When, in the mid-1990s, Wool abandoned his roller technique in favour of the silkscreen, he shifted his emphasis from reduction to layering. Reproducing and enlarging floral motifs from rubber stamps, Wool repeated the same stamps in rich layers of thick black enamel; as they accumulated upon the aluminium surface over time, the dense layers increased in complexity and density as though blooming outward from the centre of the picture plane. Wool’s accrual of an armature of stamps and screens creates a lush cacophony of densely layered forms that project an aura at once fully resolved and utterly dynamic. As petals, flower stalks, and various vine patterns burst forth across the surface atop grades of thickly applied enamel and overlapping drips, Wool creates a picture plane rife with action that simultaneously imparts a stark flatness. Describing the artist’s practice in 1995, the author Joshua Decter wrote: “Wool offers us access to a world where things are layered to the point of implosion, where iconographic elements are built up only to virtually fall apart. These recent paintings are also his most emphatically ‘painterly’ to date: the more Wool endeavors to blot out, the more complex things get” (Joshua Decter, “Christopher Wool: Luhring Augustine Gallery,” Artforum 34, September 1995, p. 89)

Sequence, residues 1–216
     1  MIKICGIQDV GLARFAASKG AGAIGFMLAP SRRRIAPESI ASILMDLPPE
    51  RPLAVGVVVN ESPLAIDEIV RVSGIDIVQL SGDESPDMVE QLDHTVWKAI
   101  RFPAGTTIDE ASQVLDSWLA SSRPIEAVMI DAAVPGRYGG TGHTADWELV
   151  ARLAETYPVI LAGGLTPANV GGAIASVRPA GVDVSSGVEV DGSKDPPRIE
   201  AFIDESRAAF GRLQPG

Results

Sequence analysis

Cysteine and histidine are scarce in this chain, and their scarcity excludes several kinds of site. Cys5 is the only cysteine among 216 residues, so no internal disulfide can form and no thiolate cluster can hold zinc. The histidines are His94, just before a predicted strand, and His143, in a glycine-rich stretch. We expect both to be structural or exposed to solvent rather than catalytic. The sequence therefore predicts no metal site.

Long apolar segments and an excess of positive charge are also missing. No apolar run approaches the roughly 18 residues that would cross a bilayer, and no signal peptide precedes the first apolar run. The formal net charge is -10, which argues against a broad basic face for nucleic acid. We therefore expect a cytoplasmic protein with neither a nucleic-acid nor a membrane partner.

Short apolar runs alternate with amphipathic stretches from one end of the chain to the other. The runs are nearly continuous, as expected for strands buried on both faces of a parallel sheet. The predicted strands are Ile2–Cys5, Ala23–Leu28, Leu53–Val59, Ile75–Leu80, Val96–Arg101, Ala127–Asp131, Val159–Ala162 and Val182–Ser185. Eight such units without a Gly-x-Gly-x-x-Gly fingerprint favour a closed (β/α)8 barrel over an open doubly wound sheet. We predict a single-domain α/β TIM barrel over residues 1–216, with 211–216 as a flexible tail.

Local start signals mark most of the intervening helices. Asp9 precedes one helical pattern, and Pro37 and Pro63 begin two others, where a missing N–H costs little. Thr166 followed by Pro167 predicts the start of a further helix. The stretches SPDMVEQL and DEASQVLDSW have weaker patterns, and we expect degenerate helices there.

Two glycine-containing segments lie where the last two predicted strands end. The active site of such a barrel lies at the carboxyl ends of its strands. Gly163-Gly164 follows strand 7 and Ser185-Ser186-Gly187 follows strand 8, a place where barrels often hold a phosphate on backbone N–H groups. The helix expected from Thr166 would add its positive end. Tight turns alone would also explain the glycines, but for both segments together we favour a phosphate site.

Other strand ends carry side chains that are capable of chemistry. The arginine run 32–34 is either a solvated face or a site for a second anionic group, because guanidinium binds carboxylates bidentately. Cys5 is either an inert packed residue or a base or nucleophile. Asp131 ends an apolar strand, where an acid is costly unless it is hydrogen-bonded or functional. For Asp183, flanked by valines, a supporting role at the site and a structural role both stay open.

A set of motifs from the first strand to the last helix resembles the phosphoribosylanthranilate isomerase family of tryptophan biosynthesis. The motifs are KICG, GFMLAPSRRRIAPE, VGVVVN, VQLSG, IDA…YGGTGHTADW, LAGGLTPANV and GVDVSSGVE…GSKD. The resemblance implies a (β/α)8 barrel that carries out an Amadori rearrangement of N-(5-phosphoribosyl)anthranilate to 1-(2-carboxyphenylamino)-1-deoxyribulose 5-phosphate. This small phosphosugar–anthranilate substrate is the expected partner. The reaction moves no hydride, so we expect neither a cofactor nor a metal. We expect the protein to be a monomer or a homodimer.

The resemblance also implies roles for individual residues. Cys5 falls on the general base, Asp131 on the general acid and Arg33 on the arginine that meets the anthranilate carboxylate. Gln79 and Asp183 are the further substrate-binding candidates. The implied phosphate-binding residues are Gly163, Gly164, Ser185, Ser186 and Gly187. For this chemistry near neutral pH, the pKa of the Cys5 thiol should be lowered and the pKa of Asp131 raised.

In the alabaster intervals of aluminium between the enamel forms, Wool leaves traces of the corners and edges of each screen, creating shadowy registers that read like successive frames within a slideshow, caught between transitions. In the sumptuous painterly extravagance of the present work, we are made privy to the schema of procedural omissions or ‘glitches’ that disrupt the ostensibly decorative pattern that it presents. As explained by curator Ann Goldstein, these paintings from 1993-1995 explored image constructions as simultaneous products of both build-up and erasure: “The banality that one associates with Andy Warhol’s silkscreened flowers is overwhelmed by the grittiness of Wool’s intense and seemingly out-of-control compositions. The first silkscreen works continue the additive process by laying black flower images on top of each other. Wool later introduced white into the works, painting out certain areas, and then silkscreening the black images again, wherein the process that produces the works becomes both additive and reductive” (Ann Goldstein in: Exh. Cat., Los Angeles, The Museum of Contemporary Art, Christopher Wool, 1998, p. 262). Welcoming the potential for hyper-individualised error within mechanical application, Give It Up or Turn It Loose revels in the mishaps of dripped paint and slipped outlines: ghostly traces of previous impressions are visible along the outer edges of the composition, while hazy zones of sprayed paint and smeared screen-register reveal the intricate individuality contained within each successive layer. Manifesting an unprecedented union between painting and process, the profound expressive impact of Give It Up or Turn It Loose resides in Wool’s virtuosic layering, overprinting, and variegation of his enamel blooms – indeed, as though echoing the inherently individualised nature of the organic forms pictured within, no two flower paintings could ever approach similitude. Simultaneously ready-made and painterly, emphatic and blurred, intricate and explosive, Give It Up or Turn It Loose fluently fuses the abstract and the figurative within a single, exquisite whole, serving as arresting testament to Wool’s singular reinvigoration of the genre of painting.